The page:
By Brian Compton
NHL.com Staff Writer
It’s been less than three years since the Trenton Titans won the Kelly Cup with a core that most coaches – especially at the ECHL level – would salivate over.
Rick Kowalsky. Scott Bertoli. Andrew Allen. Vince Williams. B.J. Abel. The list goes on and on.
Leon Hayward was another member of that prominent list. And, just like each of the aforementioned, Hayward has decided to hang up the blades.
After a stellar professional career that began in 2002 in Pensacola and was highlighted with the 2005 Kelly Cup Finals’ Most Valuable Player award, the 28-year-old forward announced his retirement last week. He will remain in the game on a part-time basis as an assistant coach with the Texas Wildcatters — the team he appeared in 69 games for last season, tallying 14 goals and 21 assists.
”I was really prepared to kind of step back and step away from it,” said Hayward, who recently accepted a sales position in Houston. “I haven’t even looked at my skates since I took them off after we lost to Florida in the playoffs. It wasn’t one of those things where I was skating a lot and thinking it was time to get in shape.”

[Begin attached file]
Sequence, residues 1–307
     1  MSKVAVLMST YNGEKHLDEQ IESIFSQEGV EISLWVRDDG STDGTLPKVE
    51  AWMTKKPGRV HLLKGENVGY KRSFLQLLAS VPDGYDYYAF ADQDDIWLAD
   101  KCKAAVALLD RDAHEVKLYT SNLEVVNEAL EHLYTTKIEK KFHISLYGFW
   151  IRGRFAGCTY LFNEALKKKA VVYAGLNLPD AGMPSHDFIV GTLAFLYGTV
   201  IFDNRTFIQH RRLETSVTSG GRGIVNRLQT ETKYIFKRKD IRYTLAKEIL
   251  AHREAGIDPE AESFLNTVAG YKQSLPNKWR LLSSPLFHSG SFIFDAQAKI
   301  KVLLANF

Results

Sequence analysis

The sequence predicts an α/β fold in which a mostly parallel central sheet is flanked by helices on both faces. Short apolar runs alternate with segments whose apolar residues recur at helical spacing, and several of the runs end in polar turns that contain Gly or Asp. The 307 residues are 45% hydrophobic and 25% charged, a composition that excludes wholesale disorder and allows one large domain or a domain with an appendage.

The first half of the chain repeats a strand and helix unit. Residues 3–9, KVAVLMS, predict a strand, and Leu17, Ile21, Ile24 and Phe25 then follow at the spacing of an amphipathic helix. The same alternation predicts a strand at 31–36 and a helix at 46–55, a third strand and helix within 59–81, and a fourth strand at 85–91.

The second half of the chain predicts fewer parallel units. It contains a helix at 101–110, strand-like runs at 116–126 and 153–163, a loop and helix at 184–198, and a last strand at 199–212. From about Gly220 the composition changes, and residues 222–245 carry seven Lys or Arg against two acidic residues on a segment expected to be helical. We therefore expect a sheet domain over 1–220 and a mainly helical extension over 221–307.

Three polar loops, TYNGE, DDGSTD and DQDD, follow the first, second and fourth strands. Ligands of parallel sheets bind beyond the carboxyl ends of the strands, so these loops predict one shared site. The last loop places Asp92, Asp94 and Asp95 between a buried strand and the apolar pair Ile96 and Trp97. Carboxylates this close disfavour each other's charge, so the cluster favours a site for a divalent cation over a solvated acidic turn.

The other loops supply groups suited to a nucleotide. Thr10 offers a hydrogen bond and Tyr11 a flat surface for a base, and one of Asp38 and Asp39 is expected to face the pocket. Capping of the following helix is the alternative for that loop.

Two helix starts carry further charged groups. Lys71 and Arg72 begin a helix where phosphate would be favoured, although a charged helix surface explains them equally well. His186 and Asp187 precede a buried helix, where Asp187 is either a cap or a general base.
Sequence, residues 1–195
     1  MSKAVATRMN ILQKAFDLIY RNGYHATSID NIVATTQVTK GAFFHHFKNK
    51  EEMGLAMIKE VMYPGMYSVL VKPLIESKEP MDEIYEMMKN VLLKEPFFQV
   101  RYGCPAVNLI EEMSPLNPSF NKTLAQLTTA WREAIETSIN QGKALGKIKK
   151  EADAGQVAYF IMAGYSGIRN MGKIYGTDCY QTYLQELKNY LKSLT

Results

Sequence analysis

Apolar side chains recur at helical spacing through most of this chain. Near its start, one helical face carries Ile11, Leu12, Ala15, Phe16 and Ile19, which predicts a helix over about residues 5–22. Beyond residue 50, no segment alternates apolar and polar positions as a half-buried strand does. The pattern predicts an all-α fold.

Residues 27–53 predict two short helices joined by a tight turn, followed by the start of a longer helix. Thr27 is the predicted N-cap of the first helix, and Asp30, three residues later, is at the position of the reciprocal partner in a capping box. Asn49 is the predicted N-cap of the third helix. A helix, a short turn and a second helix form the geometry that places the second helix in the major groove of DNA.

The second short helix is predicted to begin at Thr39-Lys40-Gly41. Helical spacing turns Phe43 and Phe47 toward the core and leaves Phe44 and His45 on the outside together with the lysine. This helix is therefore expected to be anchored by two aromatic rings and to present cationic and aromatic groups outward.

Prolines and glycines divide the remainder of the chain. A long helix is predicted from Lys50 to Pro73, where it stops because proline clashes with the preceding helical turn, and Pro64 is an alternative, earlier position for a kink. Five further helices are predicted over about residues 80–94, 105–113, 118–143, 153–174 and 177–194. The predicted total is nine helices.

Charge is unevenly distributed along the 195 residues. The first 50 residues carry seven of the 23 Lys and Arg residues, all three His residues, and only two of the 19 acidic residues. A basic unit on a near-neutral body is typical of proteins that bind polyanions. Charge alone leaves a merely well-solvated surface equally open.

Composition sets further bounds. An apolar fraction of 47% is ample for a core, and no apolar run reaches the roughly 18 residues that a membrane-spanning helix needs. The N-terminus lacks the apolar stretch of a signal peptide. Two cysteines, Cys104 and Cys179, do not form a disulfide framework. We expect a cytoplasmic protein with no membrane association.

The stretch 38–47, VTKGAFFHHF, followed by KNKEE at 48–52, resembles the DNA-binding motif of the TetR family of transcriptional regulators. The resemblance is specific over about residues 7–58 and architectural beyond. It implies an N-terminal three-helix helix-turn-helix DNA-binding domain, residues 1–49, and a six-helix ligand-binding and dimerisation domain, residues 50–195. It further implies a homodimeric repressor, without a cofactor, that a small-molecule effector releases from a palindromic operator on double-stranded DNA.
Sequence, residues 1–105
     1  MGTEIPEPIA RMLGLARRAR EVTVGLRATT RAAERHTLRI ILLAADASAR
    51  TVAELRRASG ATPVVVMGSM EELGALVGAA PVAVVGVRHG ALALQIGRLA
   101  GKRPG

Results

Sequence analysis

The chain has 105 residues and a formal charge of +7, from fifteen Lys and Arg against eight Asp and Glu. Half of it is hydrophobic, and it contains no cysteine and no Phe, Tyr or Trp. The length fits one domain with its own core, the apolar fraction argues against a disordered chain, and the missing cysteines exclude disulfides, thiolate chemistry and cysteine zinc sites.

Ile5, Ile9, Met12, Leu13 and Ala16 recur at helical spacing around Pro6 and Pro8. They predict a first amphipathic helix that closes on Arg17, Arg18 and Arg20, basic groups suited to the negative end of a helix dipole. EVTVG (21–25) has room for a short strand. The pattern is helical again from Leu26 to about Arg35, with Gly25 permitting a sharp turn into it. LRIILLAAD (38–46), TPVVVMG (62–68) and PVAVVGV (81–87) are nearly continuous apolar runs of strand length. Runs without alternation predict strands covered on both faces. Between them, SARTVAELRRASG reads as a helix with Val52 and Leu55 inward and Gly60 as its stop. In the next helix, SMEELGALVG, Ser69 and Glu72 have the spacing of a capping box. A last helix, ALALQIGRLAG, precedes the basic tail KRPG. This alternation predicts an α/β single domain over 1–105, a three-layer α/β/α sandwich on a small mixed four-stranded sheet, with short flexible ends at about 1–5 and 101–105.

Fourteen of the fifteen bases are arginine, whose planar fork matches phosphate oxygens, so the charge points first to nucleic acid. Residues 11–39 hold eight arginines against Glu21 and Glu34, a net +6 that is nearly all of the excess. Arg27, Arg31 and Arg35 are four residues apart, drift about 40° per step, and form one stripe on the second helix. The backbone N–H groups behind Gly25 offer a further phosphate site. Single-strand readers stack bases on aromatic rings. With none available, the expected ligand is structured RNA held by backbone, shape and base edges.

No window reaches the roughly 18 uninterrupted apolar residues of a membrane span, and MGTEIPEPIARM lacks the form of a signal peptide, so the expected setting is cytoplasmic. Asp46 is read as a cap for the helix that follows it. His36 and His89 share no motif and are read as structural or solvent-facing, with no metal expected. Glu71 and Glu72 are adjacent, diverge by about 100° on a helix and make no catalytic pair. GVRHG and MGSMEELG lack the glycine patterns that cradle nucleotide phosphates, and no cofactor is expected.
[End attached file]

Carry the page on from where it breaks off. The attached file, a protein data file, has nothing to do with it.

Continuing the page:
His decision became easier once he and his new wife took jobs in Houston. But that didn’t stop Texas head coach Malcolm Cameron from offering his former player a job on a part-time basis. Hayward accepted, and will attend all home games and practices when time permits.
“He’s got a lot to offer,” said Cameron, who guided the Wildcatters to a record of 41-22-9 and a second-place finish in the South Division last season. “He’s a smart guy and he has a great relationship with the players. He’s always been one of the most popular guys on his team every year. It was an easy decision for me to offer him a coaching position. It’s nice to have a guy like that.”
The upcoming season may ultimately determine whether or not Hayward decides to attempt coaching on a full-time basis. While he certainly possesses the charisma and persona that most teams look for in a coach, Hayward is using a wait-and-see approach. It basically will come down to if his players are buying into his what he’s preaching.